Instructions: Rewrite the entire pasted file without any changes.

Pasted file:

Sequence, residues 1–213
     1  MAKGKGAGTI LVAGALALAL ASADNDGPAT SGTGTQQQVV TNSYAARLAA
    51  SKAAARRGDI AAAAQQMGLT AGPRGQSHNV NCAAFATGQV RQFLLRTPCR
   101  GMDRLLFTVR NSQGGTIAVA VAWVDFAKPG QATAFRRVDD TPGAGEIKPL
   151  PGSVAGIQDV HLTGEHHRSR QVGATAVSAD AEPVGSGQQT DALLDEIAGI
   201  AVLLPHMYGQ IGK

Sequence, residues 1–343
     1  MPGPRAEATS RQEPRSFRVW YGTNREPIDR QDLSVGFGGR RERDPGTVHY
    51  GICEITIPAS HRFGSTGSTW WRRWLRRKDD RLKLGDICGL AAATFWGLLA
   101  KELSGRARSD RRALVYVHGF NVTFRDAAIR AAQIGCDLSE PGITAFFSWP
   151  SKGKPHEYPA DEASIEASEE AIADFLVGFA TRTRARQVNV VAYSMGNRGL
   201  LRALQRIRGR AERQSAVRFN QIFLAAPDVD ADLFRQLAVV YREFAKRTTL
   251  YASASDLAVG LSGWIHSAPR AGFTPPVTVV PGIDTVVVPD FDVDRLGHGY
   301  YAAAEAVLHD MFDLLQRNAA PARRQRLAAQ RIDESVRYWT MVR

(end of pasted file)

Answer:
Sequence, residues 1–213
     1  MAKGKGAGTI LVAGALALAL ASADNDGPAT SGTGTQQQVV TNSYAARLAA
    51  SKAAARRGDI AAAAQQMGLT AGPRGQSHNV NCAAFATGQV RQFLLRTPCR
   101  GMDRLLFTVR NSQGGTIAVA VAWVDFAKPG QATAFRRVDD TPGAGEIKPL
   151  PGSVAGIQDV HLTGEHHRSR QVGATAVSAD AEPVGSGQQT DALLDEIAGI
   201  AVLLPHMYGQ IGK

Sequence, residues 1–343
     1  MPGPRAEATS RQEPRSFRVW YGTNREPIDR QDLSVGFGGR RERDPGTVHY
    51  GICEITIPAS HRFGSTGSTW WRRWLRRKDD RLKLGDICGL AAATFWGLLA
   101  KELSGRARSD RRALVYVHGF NVTFRDAAIR AAQIGCDLSE PGITAFFSWP
   151  SKGKPHEYPA DEASIEASEE AIADFLVGFA TRTRARQVNV VAYSMGNRGL
   201  LRALQRIRGR AERQSAVRFN QIFLAAPDVD ADLFRQLAVV YREFAKRTTL
   251  YASASDLAVG LSGWIHSAPR AGFTPPVTVV PGIDTVVVPD FDVDRLGHGY
   301  YAAAEAVLHD MFDLLQRNAA PARRQRLAAQ RIDESVRYWT MVR